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INTERSCHUTZ 2020, 15 - 20 June, Hannover/Germany
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Fire Prevention

Fire protection and fire fighting with water mist

Fire protection often requires disasters that bring further progress. Such a disaster occurred on 7 April 1990, when a fire on the Scandinavian Star ferry killed 158 people. This accident was the starting signal for the further development of water mist technology.

03 Jun. 2019
IWMA - Source: VID Fire-Kill
Source: VID Fire-Kill

The idea for this technology had existed for a long time. At the end of the 19th century, the American company F.E. Myers produced a system that sprayed water droplets and allowed firefighters to carry them on their backs when fighting small forest fires. A little later, Grinnell also developed a nozzle that fought fires with droplets. But it was not until 1978 that a textbook entitled "Fundamentals of Fire" was published.

Water in droplets - smaller than ground cereal grains

Krister Giselsson and Mats Rosander write in it that in the future there will be a liquid - water, for example - which, atomised into droplets smaller than ground cereal grains, will be the most important fire-fighting agent in buildings. And it was these two men who presented the results of their research after the fire at Scandinavian Star.

In addition, the Montreal Protocol was passed in the late 1980s. The topic was the abolition of substances that lead to the depletion of the ozone layer. Among other things, it was decided to phase out the use of halon as a fire-fighting agent. This gap was to be filled by water mist.

IWMA - Source: VID Fire-Kill
Source: VID Fire-Kill

How does water mist work?

What can water mist do that other fire-fighting agents cannot? A water mist system reduces the temperature - much more than a traditional sprinkler system. People and property are thus better protected from the effects of heat.

In addition, water mist removes oxygen from the fire. The pressure of a low-pressure water mist system is less than 12.5 bar. High-pressure water mist systems operate at a pressure of between 35 and 200 bar - this value could be even higher in the future.

The higher the pressure, the smaller the droplets. The total surface area of the droplets increases, the water becomes mist and evaporates. And the fire runs out of oxygen. Evaporation only takes place where high temperatures are reached. There, where it does not burn, also no steam is formed. This area can therefore be used as an escape route.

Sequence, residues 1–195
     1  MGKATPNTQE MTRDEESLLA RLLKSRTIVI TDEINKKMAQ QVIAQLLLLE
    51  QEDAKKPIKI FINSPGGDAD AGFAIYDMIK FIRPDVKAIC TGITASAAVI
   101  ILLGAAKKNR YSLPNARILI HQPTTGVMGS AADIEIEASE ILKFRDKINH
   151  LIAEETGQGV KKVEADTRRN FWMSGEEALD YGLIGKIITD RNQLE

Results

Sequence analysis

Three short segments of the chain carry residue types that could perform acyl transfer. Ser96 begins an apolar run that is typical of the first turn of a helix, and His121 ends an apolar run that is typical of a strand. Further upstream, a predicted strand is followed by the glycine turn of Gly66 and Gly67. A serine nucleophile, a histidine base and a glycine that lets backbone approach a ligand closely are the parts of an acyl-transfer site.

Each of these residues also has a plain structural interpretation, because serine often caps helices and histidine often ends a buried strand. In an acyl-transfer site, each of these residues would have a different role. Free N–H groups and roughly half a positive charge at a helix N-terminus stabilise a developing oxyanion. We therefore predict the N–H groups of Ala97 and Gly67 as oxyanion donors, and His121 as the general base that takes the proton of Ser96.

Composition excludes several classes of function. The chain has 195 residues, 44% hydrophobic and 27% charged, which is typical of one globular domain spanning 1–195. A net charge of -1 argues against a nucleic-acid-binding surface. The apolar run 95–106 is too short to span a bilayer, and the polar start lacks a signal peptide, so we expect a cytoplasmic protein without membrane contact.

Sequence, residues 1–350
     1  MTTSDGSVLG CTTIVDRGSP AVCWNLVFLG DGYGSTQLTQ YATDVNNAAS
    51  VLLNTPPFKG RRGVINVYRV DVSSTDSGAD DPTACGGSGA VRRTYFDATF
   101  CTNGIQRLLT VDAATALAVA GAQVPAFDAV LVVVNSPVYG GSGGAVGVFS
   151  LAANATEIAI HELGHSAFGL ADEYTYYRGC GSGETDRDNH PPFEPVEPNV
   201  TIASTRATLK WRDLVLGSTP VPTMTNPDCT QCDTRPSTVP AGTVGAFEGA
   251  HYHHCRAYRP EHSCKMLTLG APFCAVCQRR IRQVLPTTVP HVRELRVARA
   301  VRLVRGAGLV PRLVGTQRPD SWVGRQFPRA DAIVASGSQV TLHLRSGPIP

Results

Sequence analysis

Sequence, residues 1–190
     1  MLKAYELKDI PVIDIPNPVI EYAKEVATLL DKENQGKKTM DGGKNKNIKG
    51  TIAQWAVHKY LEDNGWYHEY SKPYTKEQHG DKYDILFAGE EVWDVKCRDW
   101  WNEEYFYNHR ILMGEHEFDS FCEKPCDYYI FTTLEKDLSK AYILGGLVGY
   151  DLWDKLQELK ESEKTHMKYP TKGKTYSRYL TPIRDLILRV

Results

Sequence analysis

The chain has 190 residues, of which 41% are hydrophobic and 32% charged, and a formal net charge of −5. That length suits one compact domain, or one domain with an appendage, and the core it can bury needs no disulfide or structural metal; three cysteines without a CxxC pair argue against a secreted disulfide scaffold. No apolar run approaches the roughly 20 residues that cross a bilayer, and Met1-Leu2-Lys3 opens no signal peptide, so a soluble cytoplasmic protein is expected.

And there are other advantages: Water mist poses no danger to humans. If a fire breaks out, the system can be activated immediately. Compared to a sprinkler system, a water mist system consumes less water. The thinner pipes save space and costs. Water mist systems can also be retrofitted.

IWMA Bettina McDowell - Source: private
IWMA Bettina McDowell (Source: private)

Water mist for deserts, museums or tunnels

As far as the list of applications is concerned, it all started in the off-shore sector, with ships and oil platforms. This is also where the pre-disaster research took place on the Scandinavian Star. So it was about passenger cabins and engine rooms. Today, water mist systems are increasingly used where water is scarce - for example in the desert states of the Middle East.

Museums often choose water mist to protect valuable exhibits. The problem here would be not only destruction by fire but also water damage. Even buildings that are listed as historical monuments and are to be protected for their own sake use inconspicuously installed water mist systems.

"Speakers presenting applications at the annual water mist conference also talk about saunas, escalators, server rooms, libraries, cable tunnels in power plants, railway stations and printing plants. Prominent applications include the Elbe Philharmonic Hall, the Eurotunnel, the Clock Tower in Mecca, the Hungarian Parliament Building in Budapest and St. Patrick's Cathedral in New York."

Bettina McDowell, Managing Director of the International Water Mist Association (IWMA)

The next Water Nebula Conference will take place on 23 and 24 October 2019 in Berlin. IWMA will also present itself at INTERSCHUTZ 2020 as a discussion partner and supplier of information. At the IWMA stand, association representatives will answer questions, network and talk to potential cooperation partners about joint activities in the field of fire protection. More information can be found at www.iwma.net .

IWMA

The International Water Mist Association (IWMA) was founded in 1998 in Magdeburg, the association has been based in Hamburg since 2012. The aim of the association is the professional exchange.

Since 2001, the IWMA has organised seminars and annual conferences: the International Water Mist Conferences. These serve the "water nebulisers" to exchange experiences. In addition, professional groups that have to deal with fire protection are given a point of contact with regard to content. The topics range from applications

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